All views and opinions of guest authors are theirs alone and are not representative of the views of Petersons.com or its parent company Nelnet.

Planning for the Future: 6 Ways to Get Ahead When You’re a Recent College Grad Reply

If you’ve recently graduated from school, now is the time to start thinking about the future. You might be focused on landing that dream job, but what happens after that?

It’s important to think about this stuff as early as possible because finances can be a major source of stress further down the road. In some cases, those who haven’t carefully planned find themselves depressed (or worse). Having a plan in place will reduce your stress level and allow you to stay motivated, so take time to sit down and think about what your goals are. Financial planning may not be fun, but it’s a necessary part of life. Talk to people who have lived through it–your parents, grandparents, or an older friend–and get some advice on where to begin.

After that, use these 6 tips to start planning for the future

1. Explore your options

Now is the time to figure out what you really want when it comes to a job, a house, and a stable future. Do you want to do some traveling? Start saving for retirement? It’s all possible, but now is the time to strike. Look at your career options and don’t be afraid to take some risks.

“Your 20s really are the time to explore. Before you get married and before you have kids, you don’t have a lot of financial responsibilities,” says author Jean Chatzky.

2. Consider living rent-free

If it’s an option, consider living with your parents or other family members just after graduation. This is a short-term situation that could help you save money for a car or your first place. Just remember to stay motivated where money saving is concerned, otherwise you’ll get a little too comfortable and it will be harder for you to get out on your own.

3. Watch your credit

Your credit score might not mean much now, but when you’re ready to buy a house or a car, it will be a very important part of your life. If you have student loans, start paying them off as soon as possible and add a little extra to your monthly payment to get ahead. Credit cards should be used for big purchases or emergencies only to avoid running up debt. Taking care of your credit now means you’ll have much more stability in the future.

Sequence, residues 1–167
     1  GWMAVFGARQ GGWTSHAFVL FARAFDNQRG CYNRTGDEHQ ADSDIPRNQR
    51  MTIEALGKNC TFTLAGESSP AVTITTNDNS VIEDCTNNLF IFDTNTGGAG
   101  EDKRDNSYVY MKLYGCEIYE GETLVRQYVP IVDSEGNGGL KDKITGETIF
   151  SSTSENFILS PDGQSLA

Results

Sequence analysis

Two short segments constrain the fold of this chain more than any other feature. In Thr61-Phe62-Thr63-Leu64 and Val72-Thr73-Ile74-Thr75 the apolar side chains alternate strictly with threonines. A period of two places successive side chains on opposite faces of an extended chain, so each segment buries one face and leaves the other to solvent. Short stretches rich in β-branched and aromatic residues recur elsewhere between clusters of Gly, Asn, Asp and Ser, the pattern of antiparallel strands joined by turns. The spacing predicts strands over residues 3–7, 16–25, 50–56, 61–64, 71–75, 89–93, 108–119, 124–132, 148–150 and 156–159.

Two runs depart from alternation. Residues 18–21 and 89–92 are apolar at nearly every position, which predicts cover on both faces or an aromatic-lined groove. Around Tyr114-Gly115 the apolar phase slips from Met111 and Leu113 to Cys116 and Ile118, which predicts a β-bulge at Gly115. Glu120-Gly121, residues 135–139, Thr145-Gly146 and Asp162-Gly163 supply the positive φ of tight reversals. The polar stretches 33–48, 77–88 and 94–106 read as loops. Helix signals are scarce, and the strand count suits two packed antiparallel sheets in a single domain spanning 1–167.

4. Make saving automatic

Saving money is much easier if you don’t even have to think about it, so consider investing in a 401(k) plan that your employer takes out of your paycheck. This means you’ll have a plan for retirement that requires no effort on your part, and since it’s taken right out of your check you won’t even miss it.

5. Have a backup plan

Even if you’ve already secured your dream job, it’s always a good idea to have a backup plan just in case. Keep your resume updated and make connections with other people in your field so you can always have an ear to the ground. Even the best jobs can come with nasty surprises, or you may find that you just don’t enjoy it as much as you thought you would.

6. Earn extra money

Whether you already have a day job or are trying to score one, it may be necessary to earn a little extra money now and then, so consider putting your skills to use as a tutor, a babysitter, or a dog walker. You can start your own business making jewelry, or maintain a blog that earns money through ads.

Saving and planning for the future doesn’t have to be an overwhelming experience; start with a plan and talk to some people who have been through it already to gain some insight. After that, it’s just a matter of staying focused.

Gloria runs WomenLed.org, which celebrates women’s achievements in the workplace and beyond. She believes that while women have made many advancements toward “shattering the glass ceiling,” there is still much to be done. It is her aim to help increase the number of women-led businesses by educating others about the topic.

All views and opinions of guest authors are theirs alone and are not representative of the views of Petersons.com or its parent company Nelnet.